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Aaron, Fannie | to Mother, Father, and Pete, 1920 October 27

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[Addressed to Hotel Traymore]

October 27, 1920.

Dear Mother, Father, and Pete:

My hair is in the process of drying. I did not have time to go out and have it washed, so I did it myself, and when I was through discovered that there is no heat to dry it with.

We spoke on the proctor system in Speakers Bureau last night. There is something decidedly wrong with the system at present. It is a dead letter, really. There is quite a lot of fuss about it, so I hope we will arrive at some effective remedy.

The conference with Miss Salmon was awfully funny. She had something underscored in one of my bibliographies. I asked her what was wrong, and then suggested the way that I thought it probably should be and asked her if that was the way she wanted it. A second later I realized that I had the wrong word, but it was too late. She said, "Want?" Don't you know that I can get along without the topics of any one of you? It is what you want, not what I want".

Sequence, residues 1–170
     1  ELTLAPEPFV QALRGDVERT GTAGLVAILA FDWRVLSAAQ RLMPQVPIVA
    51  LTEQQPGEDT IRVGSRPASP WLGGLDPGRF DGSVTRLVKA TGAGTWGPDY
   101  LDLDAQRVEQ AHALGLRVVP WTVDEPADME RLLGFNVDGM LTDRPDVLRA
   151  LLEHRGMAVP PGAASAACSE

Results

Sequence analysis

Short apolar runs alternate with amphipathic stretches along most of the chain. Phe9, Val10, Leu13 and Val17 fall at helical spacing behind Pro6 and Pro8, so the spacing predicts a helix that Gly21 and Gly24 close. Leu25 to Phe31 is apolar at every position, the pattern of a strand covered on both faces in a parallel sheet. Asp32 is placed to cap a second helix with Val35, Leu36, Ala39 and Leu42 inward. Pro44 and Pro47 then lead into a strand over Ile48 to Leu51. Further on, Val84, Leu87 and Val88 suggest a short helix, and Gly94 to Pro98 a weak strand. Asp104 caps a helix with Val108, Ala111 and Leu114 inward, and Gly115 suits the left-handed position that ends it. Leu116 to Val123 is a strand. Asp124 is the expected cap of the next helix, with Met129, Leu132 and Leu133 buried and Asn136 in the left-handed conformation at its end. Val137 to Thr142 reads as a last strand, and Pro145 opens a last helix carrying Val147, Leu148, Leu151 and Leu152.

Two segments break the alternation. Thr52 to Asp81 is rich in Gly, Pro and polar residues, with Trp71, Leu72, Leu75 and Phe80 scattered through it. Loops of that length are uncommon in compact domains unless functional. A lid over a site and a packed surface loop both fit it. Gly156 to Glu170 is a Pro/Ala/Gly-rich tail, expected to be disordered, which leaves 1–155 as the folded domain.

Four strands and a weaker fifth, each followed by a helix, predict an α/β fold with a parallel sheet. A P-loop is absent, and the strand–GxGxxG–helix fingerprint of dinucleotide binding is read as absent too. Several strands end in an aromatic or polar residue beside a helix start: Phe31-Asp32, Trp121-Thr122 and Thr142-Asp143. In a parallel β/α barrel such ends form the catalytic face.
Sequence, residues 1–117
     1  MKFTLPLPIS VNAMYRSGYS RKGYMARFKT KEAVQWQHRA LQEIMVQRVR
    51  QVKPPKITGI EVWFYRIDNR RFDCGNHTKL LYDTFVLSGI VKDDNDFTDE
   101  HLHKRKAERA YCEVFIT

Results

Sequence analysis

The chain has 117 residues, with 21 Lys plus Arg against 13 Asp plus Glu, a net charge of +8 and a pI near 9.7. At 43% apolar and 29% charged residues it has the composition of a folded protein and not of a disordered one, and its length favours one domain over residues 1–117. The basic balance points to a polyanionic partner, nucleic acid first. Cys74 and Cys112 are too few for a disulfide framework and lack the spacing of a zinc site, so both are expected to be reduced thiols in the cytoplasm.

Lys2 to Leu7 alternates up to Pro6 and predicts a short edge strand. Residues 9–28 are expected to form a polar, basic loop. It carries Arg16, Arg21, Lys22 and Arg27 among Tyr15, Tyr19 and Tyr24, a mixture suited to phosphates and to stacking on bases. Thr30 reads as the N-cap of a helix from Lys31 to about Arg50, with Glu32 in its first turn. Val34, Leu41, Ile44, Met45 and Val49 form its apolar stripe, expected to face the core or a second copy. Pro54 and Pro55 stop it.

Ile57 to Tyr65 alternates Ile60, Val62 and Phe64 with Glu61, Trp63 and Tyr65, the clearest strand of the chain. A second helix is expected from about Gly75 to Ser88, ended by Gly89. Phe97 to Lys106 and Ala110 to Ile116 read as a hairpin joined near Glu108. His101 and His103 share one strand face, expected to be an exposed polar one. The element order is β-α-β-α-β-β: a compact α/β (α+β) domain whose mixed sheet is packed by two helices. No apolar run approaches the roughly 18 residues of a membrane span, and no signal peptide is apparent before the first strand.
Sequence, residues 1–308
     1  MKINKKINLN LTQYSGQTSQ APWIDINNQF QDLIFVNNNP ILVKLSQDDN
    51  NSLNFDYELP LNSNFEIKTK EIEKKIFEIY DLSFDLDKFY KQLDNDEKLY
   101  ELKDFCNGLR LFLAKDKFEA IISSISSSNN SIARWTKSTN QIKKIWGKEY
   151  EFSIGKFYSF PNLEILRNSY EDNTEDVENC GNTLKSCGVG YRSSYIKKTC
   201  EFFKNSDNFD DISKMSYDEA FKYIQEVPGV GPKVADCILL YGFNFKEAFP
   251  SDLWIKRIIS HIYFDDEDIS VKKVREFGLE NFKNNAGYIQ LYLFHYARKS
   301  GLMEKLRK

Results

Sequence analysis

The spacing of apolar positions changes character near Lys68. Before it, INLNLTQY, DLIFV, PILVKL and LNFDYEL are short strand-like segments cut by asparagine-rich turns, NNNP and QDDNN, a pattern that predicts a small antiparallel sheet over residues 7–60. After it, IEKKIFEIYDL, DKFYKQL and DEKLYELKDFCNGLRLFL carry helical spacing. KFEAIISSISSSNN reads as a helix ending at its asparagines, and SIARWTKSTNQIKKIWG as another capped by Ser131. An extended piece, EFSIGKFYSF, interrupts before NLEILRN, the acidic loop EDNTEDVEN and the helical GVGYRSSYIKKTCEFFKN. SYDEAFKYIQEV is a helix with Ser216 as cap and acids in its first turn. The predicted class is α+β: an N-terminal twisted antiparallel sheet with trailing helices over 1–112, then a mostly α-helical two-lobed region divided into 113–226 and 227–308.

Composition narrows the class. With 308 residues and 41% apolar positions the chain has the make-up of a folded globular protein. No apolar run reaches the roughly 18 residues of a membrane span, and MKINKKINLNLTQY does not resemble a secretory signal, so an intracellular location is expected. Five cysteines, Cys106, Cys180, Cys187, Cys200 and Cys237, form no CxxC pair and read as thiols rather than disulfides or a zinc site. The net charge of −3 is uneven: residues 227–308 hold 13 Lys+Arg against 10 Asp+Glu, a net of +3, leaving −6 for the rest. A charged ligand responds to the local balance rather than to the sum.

After the conference I went up to Lucy's room and staid there a while saying goodbye to Mrs. Kaufmann. Then I came back here and fooled around a while in the room of Henrietta Butler, a lehadnichneer from St. Louis whome Lucy seems to like very much. I thought I would see if I could see what Lucy sees in her. Then I went for a lonesome walk around the lake. It was so beautiful yesterday and i felt rather dead and pepless, so I thought perhaps a little unconversational walking would do me good. Then I came back and slept until the dinner bell woke me. I thought of not going down to dinner, but the fact that it was good dessert night made me go down. I went to bed a nine and was more tired today than if I had staid up half the night.

I am ashamed to say that when Millsy asked me this morning to compare time wages and piece wages I did not realize what they meant. The class gave me the laugh.

I saw Miss Landon in Strong last night. She remembered me from lastyear. She asked me how I was getting along in chem and I told her briefly. As she was walking up the stairs she said that she was going to ask Professor Moulton and Mr. Kilpatrick about me. I think that if any more of my kind friends of the faculty ask me how I am getting along in chem I shall have to say "Very well" or I will have the whole faculty inquiring for me.

Four members of the Princeton Speakers Bureau are going to debate the Republican and Democratic Issues this afternoon in Students. I think I shall have to go. Perhaps Albert Kabet will hole forth. Who knows?